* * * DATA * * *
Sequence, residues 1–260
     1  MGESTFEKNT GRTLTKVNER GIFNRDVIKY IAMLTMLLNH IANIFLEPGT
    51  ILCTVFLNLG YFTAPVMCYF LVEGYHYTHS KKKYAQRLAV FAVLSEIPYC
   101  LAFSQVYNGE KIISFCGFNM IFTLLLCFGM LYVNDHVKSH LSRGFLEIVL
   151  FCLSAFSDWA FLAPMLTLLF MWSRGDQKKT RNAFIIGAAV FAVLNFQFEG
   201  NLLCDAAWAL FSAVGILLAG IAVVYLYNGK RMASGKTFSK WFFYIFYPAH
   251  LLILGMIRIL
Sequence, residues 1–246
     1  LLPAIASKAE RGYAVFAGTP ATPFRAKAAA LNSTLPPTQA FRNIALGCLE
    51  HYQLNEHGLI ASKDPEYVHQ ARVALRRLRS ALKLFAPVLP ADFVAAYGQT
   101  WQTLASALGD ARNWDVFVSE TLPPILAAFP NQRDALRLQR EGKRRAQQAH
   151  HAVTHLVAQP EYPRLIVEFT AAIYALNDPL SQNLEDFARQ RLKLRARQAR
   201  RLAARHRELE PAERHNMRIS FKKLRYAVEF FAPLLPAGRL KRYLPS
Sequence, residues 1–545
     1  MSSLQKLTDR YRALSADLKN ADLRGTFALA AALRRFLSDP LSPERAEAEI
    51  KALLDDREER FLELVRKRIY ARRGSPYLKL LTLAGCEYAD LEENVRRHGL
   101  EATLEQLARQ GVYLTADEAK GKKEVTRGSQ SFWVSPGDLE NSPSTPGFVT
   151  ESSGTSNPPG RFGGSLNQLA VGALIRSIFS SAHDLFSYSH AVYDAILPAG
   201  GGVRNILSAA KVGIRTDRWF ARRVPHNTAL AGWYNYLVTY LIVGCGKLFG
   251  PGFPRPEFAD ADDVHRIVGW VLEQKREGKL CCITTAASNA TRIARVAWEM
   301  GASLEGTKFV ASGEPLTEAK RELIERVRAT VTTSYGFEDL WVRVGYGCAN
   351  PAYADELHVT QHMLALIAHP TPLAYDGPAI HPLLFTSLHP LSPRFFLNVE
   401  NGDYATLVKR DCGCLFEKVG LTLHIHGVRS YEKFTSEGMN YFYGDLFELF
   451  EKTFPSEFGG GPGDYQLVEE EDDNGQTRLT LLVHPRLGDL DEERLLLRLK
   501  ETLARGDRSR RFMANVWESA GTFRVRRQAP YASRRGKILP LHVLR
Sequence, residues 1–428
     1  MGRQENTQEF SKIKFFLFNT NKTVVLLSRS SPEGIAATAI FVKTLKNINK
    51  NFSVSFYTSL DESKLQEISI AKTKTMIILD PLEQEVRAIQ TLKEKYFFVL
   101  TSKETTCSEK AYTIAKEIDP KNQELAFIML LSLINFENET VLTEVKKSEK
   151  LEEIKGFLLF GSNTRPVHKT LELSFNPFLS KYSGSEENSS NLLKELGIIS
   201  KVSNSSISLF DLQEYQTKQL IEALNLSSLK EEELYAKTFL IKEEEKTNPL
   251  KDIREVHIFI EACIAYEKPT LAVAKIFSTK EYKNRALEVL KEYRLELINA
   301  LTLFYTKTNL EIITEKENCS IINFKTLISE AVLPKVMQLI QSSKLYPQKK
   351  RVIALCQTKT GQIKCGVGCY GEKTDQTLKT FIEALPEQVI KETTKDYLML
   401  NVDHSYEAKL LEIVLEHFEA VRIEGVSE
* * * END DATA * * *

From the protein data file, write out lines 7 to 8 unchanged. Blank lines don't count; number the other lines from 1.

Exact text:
   251  LLILGMIRIL
Sequence, residues 1–246